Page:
Only a handful of parents made it to the first two hours of the #EveryParentExpo Saturday morning at Blackhawk Technical College, but those who did said they learned more about the dangers teenagers face today.
Presented by Janesville Mobilizing 4 Change for the first time, the three-hour exposition featured about 15 booths that provided various tips to parents on maintaining safer households and recognizing the early signs of drug and alcohol use in teenagers.
Diane Cummins, a Beloit native, said she was shocked by the Hidden in Plain Sight exhibit, which presented a mock bedroom equipped with everyday items such as hairbrushes, sunscreen and tampons.
Upon closer inspection, the items in the exhibit were actually storage containers for alcohol and illicit substances. Most of the items were purchased at a retail store in Janesville.
“I’m shocked at my age that there’s so much out there that can tempt the children and that the parents may not be aware of,” Cummins said. “I believe that all parents should be here, because I was one of those naive parents. Everybody thinks it’s not going to happen to your kid. But it can.”
Jeff Reif lives in Milton, and he came to the event to learn more about what to look for on a teenager’s social media.
Reif, who has a 14-year-old and a 12-year-old, said he wants to “stay current.”
“You don’t know what you don’t know,” he said.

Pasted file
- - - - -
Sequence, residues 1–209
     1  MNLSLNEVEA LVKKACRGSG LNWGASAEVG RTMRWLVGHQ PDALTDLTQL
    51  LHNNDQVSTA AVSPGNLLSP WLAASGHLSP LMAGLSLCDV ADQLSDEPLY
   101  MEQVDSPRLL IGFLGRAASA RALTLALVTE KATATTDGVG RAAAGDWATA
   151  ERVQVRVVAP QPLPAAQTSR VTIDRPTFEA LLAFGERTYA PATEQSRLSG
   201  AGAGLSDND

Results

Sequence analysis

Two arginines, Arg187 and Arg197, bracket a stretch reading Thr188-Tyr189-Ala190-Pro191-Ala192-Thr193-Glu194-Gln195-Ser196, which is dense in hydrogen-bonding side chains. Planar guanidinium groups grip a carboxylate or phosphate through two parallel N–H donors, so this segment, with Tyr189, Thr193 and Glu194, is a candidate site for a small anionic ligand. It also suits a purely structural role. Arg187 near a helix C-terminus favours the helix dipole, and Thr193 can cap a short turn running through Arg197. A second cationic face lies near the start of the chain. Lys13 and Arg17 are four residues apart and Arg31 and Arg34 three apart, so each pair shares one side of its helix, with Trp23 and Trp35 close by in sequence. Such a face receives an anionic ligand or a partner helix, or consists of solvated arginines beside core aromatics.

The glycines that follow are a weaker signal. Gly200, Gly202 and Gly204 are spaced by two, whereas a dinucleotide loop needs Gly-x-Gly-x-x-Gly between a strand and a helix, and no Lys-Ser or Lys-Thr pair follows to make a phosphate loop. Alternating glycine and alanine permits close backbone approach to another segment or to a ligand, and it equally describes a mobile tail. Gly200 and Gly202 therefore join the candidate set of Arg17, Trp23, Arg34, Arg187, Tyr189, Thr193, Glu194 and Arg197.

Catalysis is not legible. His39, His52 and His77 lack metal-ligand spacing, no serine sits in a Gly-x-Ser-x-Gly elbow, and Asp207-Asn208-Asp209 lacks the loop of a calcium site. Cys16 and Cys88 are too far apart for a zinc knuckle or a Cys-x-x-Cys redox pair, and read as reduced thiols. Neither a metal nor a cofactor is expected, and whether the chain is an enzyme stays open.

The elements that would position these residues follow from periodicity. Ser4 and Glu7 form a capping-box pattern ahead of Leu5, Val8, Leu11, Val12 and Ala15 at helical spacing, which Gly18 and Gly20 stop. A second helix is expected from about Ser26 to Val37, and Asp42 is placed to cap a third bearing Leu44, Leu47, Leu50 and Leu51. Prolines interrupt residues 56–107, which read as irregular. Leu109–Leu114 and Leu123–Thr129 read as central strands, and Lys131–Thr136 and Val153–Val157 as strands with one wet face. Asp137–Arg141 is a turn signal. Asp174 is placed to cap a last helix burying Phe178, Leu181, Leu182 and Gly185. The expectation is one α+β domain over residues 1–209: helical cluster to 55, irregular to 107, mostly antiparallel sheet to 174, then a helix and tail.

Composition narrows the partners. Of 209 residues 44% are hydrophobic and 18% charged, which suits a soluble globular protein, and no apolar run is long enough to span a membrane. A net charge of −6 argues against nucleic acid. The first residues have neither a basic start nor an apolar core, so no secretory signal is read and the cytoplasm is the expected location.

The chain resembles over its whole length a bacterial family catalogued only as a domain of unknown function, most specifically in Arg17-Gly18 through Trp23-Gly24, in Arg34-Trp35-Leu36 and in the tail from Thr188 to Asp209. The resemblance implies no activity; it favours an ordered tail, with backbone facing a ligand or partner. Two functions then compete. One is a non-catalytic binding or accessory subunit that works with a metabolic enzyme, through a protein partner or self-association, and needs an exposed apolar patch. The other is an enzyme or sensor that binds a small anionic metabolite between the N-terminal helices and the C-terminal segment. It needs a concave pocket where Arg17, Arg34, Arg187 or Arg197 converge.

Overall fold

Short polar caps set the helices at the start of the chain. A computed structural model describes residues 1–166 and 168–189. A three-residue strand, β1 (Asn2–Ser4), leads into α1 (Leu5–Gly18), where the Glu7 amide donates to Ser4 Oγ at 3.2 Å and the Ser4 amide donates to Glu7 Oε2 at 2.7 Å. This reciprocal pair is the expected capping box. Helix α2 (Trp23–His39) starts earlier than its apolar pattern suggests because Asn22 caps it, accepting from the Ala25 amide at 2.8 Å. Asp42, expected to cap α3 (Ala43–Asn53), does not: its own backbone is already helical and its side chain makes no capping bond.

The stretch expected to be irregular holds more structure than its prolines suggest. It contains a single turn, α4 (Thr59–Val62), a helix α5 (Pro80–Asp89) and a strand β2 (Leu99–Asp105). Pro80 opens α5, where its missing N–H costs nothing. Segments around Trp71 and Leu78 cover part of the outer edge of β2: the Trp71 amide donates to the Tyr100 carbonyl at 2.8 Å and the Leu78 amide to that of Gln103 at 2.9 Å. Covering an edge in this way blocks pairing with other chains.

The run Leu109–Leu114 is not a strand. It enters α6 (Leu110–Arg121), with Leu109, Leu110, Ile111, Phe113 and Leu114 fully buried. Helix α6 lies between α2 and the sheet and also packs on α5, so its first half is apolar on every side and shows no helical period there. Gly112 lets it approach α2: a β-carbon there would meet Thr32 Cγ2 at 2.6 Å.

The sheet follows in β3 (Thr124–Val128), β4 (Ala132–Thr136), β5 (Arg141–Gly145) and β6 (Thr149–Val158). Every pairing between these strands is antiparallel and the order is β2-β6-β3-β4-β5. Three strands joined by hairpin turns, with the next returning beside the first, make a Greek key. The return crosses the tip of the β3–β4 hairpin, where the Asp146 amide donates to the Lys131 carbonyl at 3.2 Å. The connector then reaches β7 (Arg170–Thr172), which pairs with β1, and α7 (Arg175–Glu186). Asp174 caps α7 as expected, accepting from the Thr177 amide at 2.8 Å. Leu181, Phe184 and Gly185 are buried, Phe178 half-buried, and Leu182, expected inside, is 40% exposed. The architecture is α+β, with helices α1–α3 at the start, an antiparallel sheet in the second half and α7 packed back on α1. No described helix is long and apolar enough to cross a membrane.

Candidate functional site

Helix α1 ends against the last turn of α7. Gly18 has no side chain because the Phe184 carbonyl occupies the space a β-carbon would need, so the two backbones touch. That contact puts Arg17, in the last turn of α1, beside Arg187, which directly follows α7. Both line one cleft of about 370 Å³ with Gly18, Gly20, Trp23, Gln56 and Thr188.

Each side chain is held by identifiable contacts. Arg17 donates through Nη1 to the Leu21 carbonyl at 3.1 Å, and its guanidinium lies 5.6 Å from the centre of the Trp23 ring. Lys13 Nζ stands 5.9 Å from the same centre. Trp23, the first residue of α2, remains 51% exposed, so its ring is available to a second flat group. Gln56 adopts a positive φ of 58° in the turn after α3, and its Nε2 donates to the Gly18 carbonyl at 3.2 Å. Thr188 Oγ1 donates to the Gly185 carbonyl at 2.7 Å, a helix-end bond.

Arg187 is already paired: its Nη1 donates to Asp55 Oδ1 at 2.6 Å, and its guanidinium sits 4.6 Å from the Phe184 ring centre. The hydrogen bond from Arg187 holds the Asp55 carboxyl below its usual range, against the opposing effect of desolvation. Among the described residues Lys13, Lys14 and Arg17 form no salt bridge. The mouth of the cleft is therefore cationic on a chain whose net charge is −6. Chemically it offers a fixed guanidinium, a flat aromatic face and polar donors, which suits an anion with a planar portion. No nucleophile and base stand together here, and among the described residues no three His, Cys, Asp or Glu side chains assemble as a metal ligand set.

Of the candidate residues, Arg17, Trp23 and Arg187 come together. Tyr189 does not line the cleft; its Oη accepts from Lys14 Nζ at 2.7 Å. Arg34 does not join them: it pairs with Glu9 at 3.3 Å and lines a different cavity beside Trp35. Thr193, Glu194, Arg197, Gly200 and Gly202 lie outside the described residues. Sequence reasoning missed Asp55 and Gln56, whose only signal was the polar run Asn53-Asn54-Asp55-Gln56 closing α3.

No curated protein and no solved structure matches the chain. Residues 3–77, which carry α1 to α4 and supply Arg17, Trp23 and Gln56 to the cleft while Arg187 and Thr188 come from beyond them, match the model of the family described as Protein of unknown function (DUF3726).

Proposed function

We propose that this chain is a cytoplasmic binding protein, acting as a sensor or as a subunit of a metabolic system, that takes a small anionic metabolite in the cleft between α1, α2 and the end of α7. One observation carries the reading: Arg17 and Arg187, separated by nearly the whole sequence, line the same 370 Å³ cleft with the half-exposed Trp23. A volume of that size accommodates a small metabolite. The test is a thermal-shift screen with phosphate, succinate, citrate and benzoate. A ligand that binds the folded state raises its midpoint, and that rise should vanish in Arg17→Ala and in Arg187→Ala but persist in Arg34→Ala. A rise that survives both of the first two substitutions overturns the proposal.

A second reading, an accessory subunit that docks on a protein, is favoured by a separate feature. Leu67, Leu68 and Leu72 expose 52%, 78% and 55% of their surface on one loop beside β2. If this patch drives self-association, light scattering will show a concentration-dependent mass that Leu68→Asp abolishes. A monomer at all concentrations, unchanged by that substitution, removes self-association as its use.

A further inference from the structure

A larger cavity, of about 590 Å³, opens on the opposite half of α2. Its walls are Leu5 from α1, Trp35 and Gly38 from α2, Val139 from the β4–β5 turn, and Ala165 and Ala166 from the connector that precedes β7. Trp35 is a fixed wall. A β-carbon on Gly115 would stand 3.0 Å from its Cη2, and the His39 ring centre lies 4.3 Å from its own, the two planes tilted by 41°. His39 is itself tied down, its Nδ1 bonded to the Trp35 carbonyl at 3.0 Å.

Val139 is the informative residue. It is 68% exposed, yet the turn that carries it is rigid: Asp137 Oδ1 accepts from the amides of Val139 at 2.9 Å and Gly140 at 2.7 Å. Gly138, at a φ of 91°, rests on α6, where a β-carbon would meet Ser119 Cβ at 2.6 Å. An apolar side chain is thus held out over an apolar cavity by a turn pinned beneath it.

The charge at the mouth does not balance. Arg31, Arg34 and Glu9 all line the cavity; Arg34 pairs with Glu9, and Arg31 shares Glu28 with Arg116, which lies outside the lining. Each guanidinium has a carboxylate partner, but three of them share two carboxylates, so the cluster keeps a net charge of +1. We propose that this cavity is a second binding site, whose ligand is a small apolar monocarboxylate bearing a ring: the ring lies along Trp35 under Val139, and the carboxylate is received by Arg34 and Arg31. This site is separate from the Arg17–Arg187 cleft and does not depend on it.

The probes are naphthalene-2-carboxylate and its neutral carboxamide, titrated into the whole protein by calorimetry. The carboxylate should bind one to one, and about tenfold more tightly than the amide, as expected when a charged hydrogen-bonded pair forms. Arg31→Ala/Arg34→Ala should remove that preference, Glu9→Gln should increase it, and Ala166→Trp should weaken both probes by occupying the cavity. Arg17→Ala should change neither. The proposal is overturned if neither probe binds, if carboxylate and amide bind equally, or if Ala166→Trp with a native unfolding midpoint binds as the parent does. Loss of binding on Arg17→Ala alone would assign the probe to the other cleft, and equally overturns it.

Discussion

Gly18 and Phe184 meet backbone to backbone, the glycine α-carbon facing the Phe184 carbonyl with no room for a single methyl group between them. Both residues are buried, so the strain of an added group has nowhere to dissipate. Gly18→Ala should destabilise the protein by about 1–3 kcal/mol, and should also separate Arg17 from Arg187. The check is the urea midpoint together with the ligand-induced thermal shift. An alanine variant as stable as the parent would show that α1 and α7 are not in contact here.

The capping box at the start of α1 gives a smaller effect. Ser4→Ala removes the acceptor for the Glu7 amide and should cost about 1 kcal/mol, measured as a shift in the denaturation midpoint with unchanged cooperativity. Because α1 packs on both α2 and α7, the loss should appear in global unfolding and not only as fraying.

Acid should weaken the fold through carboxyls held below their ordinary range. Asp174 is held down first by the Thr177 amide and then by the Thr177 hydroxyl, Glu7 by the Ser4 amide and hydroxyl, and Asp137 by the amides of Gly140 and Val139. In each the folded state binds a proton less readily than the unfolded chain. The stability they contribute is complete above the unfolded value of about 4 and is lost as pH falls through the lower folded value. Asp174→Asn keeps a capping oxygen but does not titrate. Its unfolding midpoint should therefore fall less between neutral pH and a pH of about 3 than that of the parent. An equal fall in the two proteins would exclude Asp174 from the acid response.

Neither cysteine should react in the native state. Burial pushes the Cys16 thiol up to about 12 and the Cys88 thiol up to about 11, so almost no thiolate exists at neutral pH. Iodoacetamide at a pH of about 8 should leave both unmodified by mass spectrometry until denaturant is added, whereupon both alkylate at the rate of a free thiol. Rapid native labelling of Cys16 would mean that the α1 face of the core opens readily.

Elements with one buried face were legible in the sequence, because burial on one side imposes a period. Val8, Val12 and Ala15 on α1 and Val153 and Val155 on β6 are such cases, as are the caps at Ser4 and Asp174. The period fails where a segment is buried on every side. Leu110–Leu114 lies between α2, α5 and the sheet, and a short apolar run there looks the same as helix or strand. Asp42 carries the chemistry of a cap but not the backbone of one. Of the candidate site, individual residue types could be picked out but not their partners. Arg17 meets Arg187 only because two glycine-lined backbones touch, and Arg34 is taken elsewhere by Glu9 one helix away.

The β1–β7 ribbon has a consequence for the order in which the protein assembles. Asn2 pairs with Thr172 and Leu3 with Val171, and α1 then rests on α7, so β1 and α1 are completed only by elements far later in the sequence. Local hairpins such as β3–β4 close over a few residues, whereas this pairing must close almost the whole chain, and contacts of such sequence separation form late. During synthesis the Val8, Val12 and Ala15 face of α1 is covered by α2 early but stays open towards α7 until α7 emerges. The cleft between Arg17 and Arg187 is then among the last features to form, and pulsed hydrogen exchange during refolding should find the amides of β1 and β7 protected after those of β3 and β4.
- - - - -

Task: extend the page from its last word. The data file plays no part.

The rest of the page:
Janesville police officer Chad Sullivan gave a presentation on P3 Tips, an app that allows students to anonymously send tips to the police.
Sullivan told the small crowd of parents that because of tips through the app the department has prevented suicides.
Ashlie Downing and Maggie Sors gave free haircuts to guests who visited the Hidden in Plain Sight exhibit.
Downing, a hairstylist, said many customers tell her about family members who are affected by the heroin epidemic.
Just last week, Downing said three customers confided in her about drug-related issues.
She has never known what to tell them.
But on Saturday, Downing took several flyers that contained drug-addition recovery information, and she’s going to have them available at her shop.
“I’m set. I grabbed a lot of this stuff,” she said.
Erin Davis is the director of Janesville Mobilizing 4 Change, an organization that focuses on reducing substance use and promoting mental wellness. She said one of the expo’s goals is to stop drug and alcohol problems in homes before they ever start.
“The first time I saw (Hidden in Plain Sight), I was completely floored,” Davis said.
She said parents who missed the expo missed an opportunity to “see what could be hidden in their child’s bedroom.”
But there’s always next time, she said, and she hopes to have another expo event next year.
In the meantime, Davis said parents should feel free to contact Janesville Mobilizing 4 Change at jm4c.org. The group will walk parents through any information needed.
Cummins said the expo was great community service for education.
After she looked at the Hidden in Plain Sight exhibit, Cummins said she felt naive about the opportunities kids have for hiding drugs and alcohol.
“It’s scary to me that it can’t be stopped in some ways,” Cummins said. “You never know which kid is going to cross the line and not be able to come back. All you can do is try to impact those in your own home.”